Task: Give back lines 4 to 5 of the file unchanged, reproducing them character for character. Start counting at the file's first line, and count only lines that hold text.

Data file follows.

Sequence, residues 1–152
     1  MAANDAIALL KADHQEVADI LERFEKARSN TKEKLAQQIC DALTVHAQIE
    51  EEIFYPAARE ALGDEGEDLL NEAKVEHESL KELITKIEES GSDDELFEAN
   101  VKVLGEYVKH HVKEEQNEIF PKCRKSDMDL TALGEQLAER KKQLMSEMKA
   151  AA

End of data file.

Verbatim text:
   101  VKVLGEYVKH HVKEEQNEIF PKCRKSDMDL TALGEQLAER KKQLMSEMKA
   151  AA